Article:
Ber. O Rimes are gards on wanton Cupids hose, Disfigure not his Shop

Lon. This same shall goe.

He reades the Sonnet.

Did not the heauenly Rhetoricke of thine eye, 'Gainst whom the world cannot hold argument, Perswade my heart to this false periurie? Vowes for thee broke deserue not punishment. A Woman I forswore, but I will proue, Thou being a Goddesse, I forswore not thee. My Vow was earthly, thou a heauenly Loue. Thy grace being gain'd, cures all disgrace in me. Vowes are but breath, and breath a vapour is. Then thou faire Sun, which on my earth doest shine, Exhalest this vapor-vow, in thee it is: If broken then, it is no fault of mine: If by me broke, What foole is not so wise, To loose an oath, to win a Paradise? Ber. This is the liuer veine, which makes flesh a deity. A greene Goose, a Goddesse, pure pure Idolatry. God amend vs, God amend, we are much out o'th' way. Enter Dumaine.

Lon. By whom shall I send this (company?) Stay

Bero. All hid, all hid, an old infant play, Like a demie God, here sit I in the skie, And wretched fooles secrets heedfully ore-eye. More Sacks to the myll. O heauens I haue my wish, Dumaine transform'd, foure Woodcocks in a dish

Dum. O most diuine Kate

Bero. O most prophane coxcombe

Dum. By heauen the wonder of a mortall eye

Bero. By earth she is not, corporall, there you lye

Dum. Her Amber haires for foule hath amber coted

Ber. An Amber coloured Rauen was well noted

Dum. As vpright as the Cedar

Ber. Stoope I say, her shoulder is with-child

Dum. As faire as day

Ber. I as some daies, but then no sunne must shine

Dum. O that I had my wish? Lon. And I had mine

Kin. And mine too good Lord

Ber. Amen, so I had mine: Is not that a good word? Dum. I would forget her, but a Feuer she Raignes in my bloud, and will remembred be

Ber. A Feuer in your bloud, why then incision Would let her out in Sawcers, sweet misprision

Dum. Once more Ile read the Ode that I haue writ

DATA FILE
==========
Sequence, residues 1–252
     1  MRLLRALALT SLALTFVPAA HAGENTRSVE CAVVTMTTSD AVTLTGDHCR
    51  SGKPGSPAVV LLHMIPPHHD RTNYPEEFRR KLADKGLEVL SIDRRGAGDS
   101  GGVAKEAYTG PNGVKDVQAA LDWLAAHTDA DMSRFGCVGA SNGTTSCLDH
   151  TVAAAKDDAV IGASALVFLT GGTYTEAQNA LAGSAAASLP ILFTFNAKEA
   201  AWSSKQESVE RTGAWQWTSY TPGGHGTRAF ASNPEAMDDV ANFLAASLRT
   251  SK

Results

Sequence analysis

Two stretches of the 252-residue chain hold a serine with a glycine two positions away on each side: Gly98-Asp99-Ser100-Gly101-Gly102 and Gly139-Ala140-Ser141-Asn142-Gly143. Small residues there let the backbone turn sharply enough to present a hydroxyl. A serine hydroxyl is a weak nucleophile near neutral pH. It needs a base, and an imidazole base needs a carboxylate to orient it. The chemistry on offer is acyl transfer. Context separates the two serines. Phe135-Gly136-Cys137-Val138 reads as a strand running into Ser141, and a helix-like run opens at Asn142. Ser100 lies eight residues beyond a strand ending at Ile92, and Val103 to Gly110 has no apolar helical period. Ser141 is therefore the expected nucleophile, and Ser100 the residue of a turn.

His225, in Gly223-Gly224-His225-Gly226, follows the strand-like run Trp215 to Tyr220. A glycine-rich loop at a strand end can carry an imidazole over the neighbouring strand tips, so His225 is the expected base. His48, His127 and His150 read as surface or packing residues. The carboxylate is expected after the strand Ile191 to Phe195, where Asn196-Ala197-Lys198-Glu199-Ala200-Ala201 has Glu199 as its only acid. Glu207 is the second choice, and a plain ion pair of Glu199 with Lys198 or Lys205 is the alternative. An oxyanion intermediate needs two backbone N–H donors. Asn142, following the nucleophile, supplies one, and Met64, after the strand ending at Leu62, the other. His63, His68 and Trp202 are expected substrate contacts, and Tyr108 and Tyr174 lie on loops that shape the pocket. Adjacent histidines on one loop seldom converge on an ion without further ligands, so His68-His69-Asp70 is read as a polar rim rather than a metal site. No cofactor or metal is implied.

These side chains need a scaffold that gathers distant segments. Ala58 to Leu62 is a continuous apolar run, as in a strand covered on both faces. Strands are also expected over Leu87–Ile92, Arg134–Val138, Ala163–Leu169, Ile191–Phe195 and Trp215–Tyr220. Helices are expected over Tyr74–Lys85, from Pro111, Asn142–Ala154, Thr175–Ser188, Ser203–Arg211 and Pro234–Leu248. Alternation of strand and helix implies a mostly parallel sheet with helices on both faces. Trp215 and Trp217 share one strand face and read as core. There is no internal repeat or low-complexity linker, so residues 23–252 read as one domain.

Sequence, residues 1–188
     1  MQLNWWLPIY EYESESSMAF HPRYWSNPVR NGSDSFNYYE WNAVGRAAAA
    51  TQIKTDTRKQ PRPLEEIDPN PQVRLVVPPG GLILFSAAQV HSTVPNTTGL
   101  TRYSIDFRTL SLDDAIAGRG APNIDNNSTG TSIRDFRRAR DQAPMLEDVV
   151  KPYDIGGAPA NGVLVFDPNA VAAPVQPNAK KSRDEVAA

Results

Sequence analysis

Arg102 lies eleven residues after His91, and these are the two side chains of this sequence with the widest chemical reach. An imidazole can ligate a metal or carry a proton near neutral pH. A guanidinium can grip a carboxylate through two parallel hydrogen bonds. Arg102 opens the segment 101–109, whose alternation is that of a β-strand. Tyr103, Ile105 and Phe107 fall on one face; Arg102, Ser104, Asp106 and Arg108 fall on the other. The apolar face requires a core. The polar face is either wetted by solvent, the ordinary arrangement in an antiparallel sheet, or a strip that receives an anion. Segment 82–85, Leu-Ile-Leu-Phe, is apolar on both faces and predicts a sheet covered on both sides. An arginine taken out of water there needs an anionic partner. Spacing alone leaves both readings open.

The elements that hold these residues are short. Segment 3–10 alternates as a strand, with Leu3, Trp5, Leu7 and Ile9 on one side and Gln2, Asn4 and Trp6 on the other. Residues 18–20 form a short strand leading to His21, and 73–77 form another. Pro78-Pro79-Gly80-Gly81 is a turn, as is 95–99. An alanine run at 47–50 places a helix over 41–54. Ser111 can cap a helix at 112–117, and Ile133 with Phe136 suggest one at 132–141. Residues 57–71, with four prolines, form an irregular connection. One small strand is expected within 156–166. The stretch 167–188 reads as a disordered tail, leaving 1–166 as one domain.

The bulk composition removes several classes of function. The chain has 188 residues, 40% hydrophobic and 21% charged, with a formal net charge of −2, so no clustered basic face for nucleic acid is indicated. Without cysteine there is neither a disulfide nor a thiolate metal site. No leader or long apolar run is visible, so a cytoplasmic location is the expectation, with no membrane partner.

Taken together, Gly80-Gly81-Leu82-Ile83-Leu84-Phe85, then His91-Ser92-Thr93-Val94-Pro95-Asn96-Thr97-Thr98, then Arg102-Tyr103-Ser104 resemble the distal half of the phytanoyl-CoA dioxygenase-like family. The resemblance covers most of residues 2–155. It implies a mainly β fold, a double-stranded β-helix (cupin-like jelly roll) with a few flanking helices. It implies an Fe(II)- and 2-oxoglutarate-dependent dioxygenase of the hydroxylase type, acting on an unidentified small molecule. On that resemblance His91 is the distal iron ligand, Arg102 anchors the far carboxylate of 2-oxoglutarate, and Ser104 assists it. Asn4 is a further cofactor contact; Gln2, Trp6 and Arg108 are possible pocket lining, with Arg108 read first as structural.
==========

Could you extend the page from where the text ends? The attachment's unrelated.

Ber. Once more Ile marke how Loue can varry Wit.

Dumane reades his Sonnet.

On a day, alack the day: Loue, whose Month is euery May, Spied a blossome passing faire, Playing in the wanton ayre: Through the Veluet, leaues the winde, All vnseene, can passage finde. That the Louer sicke to death, Wish himselfe the heauens breath. Ayre (quoth he) thy cheekes may blowe, Ayre, would I might triumph so. But alacke my hand is sworne, Nere to plucke thee from thy throne: Vow alacke for youth vnmeete, youth so apt to plucke a sweet. Doe not call it sinne in me, That I am forsworne for thee. Thou for whom Ioue would sweare, Iuno but an aethiop were, And denie himselfe for Ioue. Turning mortall for thy Loue. This will I send, and something else more plaine. That shall expresse my true-loues fasting paine. O would the King, Berowne and Longauill, Were Louers too, ill to example ill, Would from my forehead wipe a periur'd note: For none offend, where all alike doe dote

Lon. Dumaine, thy Loue is farre from charitie, That in Loues griefe desir'st societie: You may looke pale, but I should blush I know, To be ore-heard, and taken napping so

Kin. Come sir, you blush: as his, your case is such, You chide at him, offending twice as much. You doe not loue Maria? Longauile, Did neuer Sonnet for her sake compile; Nor neuer lay his wreathed armes athwart His louing bosome, to keepe downe his heart. I haue beene closely shrowded in this bush, And markt you both, and for you both did blush. I heard your guilty Rimes, obseru'd your fashion: Saw sighes reeke from you, noted well your passion. Aye me, sayes one! O Ioue, the other cries! On her haires were Gold, Christall the others eyes. You would for Paradise breake Faith and troth, And Ioue for your Loue would infringe an oath. What will Berowne say when that he shall heare Faith infringed, which such zeale did sweare. How will he scorne? how will he spend his wit? How will he triumph, leape, and laugh at it? For all the wealth that euer I did see, I would not haue him know so much by me

William Shakespeare
Classic Literature Library

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